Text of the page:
Shulamith Firestone and the Private Life of Power
Firestone did for feminism what Camus did for existentialism.
In The Reactionary Mind, I wrote:
One of the reasons the subordinate’s exercise of agency so agitates the conservative imagination is that it takes place in an intimate setting. Every great blast — the storming of the Bastille, the taking of the Winter Palace, the March on Washington — is set off by a private fuse: the contest for rights and standing in the family, the factory, and the field. Politicians and parties talk of constitution and amendment, natural rights and inherited privileges. But the real subject of their deliberations is the private life of power: “Here is the opposition to woman’s equality in the state,” Elizabeth Cady Stanton wrote. “Men are not ready to recognize it in the home.” Behind the riot in the street or debate in Parliament is the maid talking back to her mistress, the worker disobeying her boss. That is why our political arguments — not only about the family but also the welfare state, civil rights, and much else — can be so explosive: they touch upon the most personal relations of power.
Feminism — and the backlash against it — is the paradigm case of the battle over the private life of power. As historians have shown, the attack on Women’s Lib gave the modern conservative movement what it needed to achieve its counterrevolution in 1980. But to understand why that was the case, we have to recall just how radical feminism truly was: it sought to disrupt concrete and tangible relationships in the most private relations of power.
In the current issue of The New Yorker, Susan Faludi has a wonderful profile of Shulamith Firestone, who died last August. Firestone was a pioneering radical feminist whose book did for feminism what Camus did for existentialism: it gave it a language and a shape, a fixture and a feel. But Firestone was not just the master of suspicion; she was also the master of disruption, organizing actions that confronted male power exactly where it lay: not merely in the far-off halls of Congress or the Supreme Court, but also in the office, the factory floor, the kitchen, the bedroom, the left-wing meeting. Understanding that sexist domination was above all in-your-face, she responded and agitated in kind.
By then, the groups that Firestone had founded, and a host of offshoots, were making headlines with confrontational protests and street theatre. They disrupted state abortion-law hearings in Albany; occupied restaurants that wouldn’t serve “unescorted” women; conducted a “Burial of Traditional Womanhood,” in Arlington National Cemetery (the deceased wore curlers); released dozens of white mice to wreak havoc at a bridal fair at Madison Square Garden; held an “ogle-in” on Wall Street, to dole out some payback to leering men; and, most notorious, hurled brassieres, high heels, pots and pans, copies of Playboy, and other “instruments of female torture” into a Freedom Trash Can at the Miss America pageant, in Atlantic City. When Firestone was fired from a waitressing job and her boss withheld her wages, feminists stormed the restaurant and made him pay her on the spot.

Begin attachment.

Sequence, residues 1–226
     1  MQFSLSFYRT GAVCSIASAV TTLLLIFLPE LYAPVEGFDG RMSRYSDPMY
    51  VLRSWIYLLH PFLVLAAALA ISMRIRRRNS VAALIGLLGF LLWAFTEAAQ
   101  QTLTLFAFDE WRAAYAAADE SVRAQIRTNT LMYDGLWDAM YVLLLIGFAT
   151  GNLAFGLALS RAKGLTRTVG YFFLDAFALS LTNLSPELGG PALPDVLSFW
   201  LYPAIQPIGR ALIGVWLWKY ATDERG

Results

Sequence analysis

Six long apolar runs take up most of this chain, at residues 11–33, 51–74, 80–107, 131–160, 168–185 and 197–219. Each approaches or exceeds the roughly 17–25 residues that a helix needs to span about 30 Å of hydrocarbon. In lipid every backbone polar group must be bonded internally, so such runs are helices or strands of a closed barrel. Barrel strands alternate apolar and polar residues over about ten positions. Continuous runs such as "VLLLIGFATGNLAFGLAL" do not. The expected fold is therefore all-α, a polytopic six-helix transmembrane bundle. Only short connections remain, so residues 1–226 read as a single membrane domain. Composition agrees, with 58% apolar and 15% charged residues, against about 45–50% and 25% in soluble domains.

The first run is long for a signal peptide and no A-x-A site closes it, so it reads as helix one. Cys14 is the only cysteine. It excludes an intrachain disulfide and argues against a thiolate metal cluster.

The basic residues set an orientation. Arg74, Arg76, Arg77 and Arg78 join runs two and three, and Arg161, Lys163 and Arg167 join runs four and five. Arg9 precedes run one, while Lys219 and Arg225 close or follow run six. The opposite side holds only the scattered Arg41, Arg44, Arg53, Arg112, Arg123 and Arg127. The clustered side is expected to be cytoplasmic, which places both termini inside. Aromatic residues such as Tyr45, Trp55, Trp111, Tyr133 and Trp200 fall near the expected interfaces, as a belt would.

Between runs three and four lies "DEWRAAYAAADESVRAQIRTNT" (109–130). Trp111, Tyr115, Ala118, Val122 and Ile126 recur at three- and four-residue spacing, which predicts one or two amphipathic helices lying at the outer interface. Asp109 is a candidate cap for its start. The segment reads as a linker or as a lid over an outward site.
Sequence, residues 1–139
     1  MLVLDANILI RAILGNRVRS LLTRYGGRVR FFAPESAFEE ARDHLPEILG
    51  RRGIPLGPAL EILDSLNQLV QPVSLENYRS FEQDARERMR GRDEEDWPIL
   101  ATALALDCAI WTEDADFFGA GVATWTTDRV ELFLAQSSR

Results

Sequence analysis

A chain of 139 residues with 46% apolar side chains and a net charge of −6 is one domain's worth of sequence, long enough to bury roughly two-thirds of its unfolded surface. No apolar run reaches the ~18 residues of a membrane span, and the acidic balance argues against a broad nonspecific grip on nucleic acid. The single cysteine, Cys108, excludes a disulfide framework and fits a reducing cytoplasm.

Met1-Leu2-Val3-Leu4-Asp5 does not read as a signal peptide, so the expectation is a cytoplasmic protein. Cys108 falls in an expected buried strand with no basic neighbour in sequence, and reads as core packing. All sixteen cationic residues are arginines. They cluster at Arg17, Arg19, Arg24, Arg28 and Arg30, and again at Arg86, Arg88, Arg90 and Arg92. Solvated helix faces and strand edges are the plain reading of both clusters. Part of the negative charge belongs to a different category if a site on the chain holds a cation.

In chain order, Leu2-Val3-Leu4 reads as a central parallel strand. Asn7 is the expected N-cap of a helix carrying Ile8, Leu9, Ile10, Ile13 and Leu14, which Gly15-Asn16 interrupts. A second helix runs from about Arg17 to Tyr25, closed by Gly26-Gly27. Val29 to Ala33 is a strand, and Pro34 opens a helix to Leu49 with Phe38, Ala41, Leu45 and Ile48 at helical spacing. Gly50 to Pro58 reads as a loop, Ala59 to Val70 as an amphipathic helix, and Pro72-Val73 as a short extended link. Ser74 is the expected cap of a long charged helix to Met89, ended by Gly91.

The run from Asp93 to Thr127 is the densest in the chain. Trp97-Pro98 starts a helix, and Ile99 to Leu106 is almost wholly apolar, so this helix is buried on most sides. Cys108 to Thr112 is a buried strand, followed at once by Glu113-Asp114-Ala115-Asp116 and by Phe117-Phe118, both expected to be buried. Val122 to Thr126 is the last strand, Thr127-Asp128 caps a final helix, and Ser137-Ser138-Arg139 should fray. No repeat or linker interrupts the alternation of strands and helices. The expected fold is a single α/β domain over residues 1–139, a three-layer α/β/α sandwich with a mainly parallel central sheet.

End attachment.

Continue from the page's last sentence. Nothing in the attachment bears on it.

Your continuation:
But there was perhaps no better example of the catalytic power of radical feminism, the dynamite it perpetually set off — and that set off the conservative movement, which began attracting men made uneasy and unsettled by these very personal and intimate challenges to their power — than the publication ofThe Dialectic of Sex itself. For, as Faludi shows in a wonderful vignette, there was back story to that publication in the back offices of the book’s publisher William Morrow.
Meanwhile, “Dialectic” was stoking a small revolution at the Morrow offices. The female employees began asking questions: Why were all the secretaries and publicists women? Why were the few female editors underpaid? “We started having lunchtime meetings behind closed doors,” Sara Pyle, an assistant in the publicity department at the time, told me. “We all stopped wearing our little heels and skirts.” What made the women at Morrow “go a bit nuts,” Pyle said, was the book’s unvarnished radicalism. “Firestone took Marx further and put women in the picture,” she said. “This was our oppression, all laid out.”
The wonder of the feminist movement is not that it provoked a backlash — any movement worth its salt will — but that it managed to achieve so much, and so fast, despite the counterrevolution that would soon arise to crush it. Now that’s something we can all truly lean into.